NexPhone project: A smartphone with tablet, laptop, and desktop PC docks

Tired of carrying around a phone, a laptop, and a tablet and keeping your data synchronized between all three? A startup called NexCrea wants to offer a smartphone that does it all.

The idea is that the NexPhone would work like a typical Android smartphone. But then you  connect it to a docking station to use the NexPhone like a tablet, notebook, or desktop computer. All of your data is stored on the phone, which acts as the brains of the operation no matter which peripherals you’re using.

Right now the NexPhone is just a concept. NexCrea is trying to raise money to actually begin production.

You can donate to the project at Indiegogo if you want to see the NexPhone become a real device… but there’s no guarantee that will actually happen even if the company does hit its $950,000 goal.

Still, the concept certainly seems feasible. The phone would use Canonical’s Ubuntu for Android platform, so that when you connect the NexLaptop or NexMonitor dock, a full Ubuntu Linux desktop operating system would appear.

This lets you run any of the thousands of Ubuntu apps optimized to run on Android, including web browsers, office software, or even photo or video editing software.

When you hook up the NexTablet dock you’ll continue to see the Android user interface — but the device will adapt the UI to take advantage of the larger screen. You could use this sort of dock to play games, surf the web, or watch videos on a larger display.

NexCrea’s concept photos and videos show an unusual docking mechanism with docking ports on the back of the phone. Basically you just slap it on the back of the laptop or tablet docks or into a special port on the NexMonitor. It looks like it might be held in place magnetically. But I’m not sure I’d want my phone just hanging out on the back of my tablet like that.

Asus already offers a similar solution with its Transformer line of tablets and its PadFone smartphone. You can transform an Asus Transformer tablet into a notebook by attaching a keyboard dock, and you can turn a PadFone into a tablet by sliding it into a covered port in a tablet dock.

But NexCrea’s vision goes a bit further by combining a full desktop operating system with Android. Right now Asus only offers Android on its Transformers — and while Asus has Windows 8 and Windows RT models in the works, those won’t run Android at all.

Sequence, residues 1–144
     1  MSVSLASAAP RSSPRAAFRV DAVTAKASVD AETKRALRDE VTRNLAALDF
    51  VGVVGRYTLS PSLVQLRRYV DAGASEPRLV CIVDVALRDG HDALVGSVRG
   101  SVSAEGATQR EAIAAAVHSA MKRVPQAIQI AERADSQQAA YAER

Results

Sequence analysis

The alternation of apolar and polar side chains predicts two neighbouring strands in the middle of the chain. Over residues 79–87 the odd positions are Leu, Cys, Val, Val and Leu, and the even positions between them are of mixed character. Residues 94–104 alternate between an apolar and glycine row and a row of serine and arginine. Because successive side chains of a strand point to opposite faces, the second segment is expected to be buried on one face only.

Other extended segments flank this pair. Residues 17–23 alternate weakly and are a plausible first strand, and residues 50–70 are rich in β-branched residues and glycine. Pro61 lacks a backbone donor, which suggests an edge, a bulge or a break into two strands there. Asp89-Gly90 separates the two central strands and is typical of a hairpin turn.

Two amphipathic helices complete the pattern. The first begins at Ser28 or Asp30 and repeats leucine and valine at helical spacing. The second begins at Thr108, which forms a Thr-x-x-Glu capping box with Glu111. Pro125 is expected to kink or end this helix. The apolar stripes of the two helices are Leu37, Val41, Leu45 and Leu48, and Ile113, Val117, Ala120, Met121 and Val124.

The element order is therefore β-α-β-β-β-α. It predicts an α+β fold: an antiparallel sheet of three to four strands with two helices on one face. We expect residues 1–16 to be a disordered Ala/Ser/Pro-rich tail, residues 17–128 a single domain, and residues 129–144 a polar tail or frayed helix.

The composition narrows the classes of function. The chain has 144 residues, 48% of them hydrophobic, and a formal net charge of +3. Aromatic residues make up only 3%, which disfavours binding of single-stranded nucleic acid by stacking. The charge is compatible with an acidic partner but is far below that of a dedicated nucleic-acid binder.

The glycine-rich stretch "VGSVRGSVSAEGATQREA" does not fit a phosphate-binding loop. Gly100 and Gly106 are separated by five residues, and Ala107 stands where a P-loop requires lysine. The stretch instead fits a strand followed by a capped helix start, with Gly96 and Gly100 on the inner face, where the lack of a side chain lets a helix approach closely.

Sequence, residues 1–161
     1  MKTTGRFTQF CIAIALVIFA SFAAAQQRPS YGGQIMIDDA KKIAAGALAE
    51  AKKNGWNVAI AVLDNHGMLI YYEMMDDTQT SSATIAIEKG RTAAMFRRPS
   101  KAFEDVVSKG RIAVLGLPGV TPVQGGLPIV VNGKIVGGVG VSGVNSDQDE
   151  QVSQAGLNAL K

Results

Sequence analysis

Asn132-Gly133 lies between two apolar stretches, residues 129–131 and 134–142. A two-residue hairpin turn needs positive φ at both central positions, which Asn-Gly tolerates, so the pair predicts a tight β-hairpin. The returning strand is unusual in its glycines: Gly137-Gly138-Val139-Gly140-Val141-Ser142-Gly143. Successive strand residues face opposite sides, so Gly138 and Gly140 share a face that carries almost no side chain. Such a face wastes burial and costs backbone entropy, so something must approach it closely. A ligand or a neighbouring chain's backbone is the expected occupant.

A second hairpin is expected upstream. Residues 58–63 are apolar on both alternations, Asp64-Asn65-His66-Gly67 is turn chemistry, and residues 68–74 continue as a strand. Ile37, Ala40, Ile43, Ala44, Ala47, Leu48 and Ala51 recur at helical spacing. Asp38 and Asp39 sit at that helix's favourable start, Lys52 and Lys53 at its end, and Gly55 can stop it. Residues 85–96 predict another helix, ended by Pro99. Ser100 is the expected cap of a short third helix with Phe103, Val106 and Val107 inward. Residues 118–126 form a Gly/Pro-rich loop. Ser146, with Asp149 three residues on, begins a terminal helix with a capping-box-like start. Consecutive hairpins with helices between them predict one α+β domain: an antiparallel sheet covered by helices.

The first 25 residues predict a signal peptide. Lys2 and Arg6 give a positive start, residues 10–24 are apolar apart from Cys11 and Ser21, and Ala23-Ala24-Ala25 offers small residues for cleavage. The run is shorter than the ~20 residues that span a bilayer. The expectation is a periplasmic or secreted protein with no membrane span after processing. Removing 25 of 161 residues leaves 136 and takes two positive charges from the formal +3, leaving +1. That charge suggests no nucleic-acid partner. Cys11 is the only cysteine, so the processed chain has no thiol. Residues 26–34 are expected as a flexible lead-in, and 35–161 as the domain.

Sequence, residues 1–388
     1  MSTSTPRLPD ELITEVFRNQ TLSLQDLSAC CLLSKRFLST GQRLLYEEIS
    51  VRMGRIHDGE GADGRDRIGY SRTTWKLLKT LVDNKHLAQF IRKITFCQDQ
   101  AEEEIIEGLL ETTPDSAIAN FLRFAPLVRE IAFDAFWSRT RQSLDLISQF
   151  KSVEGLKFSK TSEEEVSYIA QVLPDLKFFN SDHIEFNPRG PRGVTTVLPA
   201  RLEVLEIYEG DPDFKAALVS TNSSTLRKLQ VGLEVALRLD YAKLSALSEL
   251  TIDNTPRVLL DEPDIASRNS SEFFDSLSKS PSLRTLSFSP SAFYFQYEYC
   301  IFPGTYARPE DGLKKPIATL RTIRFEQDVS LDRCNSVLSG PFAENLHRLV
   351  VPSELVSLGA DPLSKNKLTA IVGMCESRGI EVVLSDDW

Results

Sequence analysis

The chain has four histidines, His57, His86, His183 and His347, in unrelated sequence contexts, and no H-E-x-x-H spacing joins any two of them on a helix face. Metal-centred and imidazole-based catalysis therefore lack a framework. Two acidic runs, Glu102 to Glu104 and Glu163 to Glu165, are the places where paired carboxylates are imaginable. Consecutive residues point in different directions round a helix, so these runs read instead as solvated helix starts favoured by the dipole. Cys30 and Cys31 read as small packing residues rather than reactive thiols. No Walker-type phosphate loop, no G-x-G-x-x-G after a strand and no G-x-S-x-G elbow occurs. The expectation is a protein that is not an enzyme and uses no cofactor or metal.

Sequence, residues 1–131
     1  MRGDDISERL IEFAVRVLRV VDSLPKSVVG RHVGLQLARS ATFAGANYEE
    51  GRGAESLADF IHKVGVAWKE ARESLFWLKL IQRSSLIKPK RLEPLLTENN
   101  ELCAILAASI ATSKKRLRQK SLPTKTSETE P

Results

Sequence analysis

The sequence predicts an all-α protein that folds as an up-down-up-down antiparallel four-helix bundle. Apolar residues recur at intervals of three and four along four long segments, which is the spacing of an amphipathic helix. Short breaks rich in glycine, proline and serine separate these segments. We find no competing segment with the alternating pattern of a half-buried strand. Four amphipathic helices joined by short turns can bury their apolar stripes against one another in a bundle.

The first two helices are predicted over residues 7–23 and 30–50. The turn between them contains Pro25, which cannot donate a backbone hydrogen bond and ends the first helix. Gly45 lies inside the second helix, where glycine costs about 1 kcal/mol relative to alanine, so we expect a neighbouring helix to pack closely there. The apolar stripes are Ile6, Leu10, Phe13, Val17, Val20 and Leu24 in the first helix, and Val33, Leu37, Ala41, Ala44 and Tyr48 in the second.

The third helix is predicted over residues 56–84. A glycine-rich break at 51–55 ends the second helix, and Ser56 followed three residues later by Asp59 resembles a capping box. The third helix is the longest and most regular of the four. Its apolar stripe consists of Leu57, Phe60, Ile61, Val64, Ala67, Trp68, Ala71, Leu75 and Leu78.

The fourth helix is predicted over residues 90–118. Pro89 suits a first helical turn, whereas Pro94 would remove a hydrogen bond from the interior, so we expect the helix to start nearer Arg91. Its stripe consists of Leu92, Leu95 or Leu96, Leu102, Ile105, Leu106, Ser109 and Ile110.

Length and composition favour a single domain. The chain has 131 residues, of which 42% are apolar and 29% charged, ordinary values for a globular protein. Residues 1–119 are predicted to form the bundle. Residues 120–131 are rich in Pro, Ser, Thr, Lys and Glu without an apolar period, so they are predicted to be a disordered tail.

thanks Bill!

  • Renee Auclair

    This really calls for Intel to make a reference design around this. As much as I dislike Microsoft, I have to admit that if I were to have only 1 operating system for all my devices, it would have to be Windows 7, inferior mobile UI and all. And Intel has already shown a decent smartphone with an Atom CPU.

    I might even put up with a Windows 8/Windows Phone 8 type shell, to run when the phone is used all by itself.

    • http://profiles.google.com/michel.memeteau michel memeteau

      You want arm cpu for best performance/battery compromise

      • CyberGusa

        No, it depends on the compromise… Not all can compromise on performance just for better run time and there are still a lot of limitations to using ARM.

        Like no guarantee you can run what you want on it unless you’re invested in a mobile OS. Not all ARM devices fully support Open Source and the hardware fragmentation makes ports generally harder to do.

  • Bill Smith

    It would be easier for me to commute to work by bicycle if I had a setup like this: “brain” of the computer in my pocket; keyboard/monitor/mouse at the office and on my desk at home. (As a software developer, it is possible but not feasible for me to keep all my files in the cloud; I prefer to carry the files — and operating system — in my pocket.)

    BTW I could care less whether the device can actually take phone calls.

  • wsabillon

    I really like this concept and will buy one if made available even as a prototype!!!

  • AlrightMister

    How is this any different than Canonical’s own Ubuntu for Android project? Apart from the fact that these dev’s will get a million bucks.

    • http://www.liliputing.com/ Brad Linder

      Canonical doesn’t sell hardware.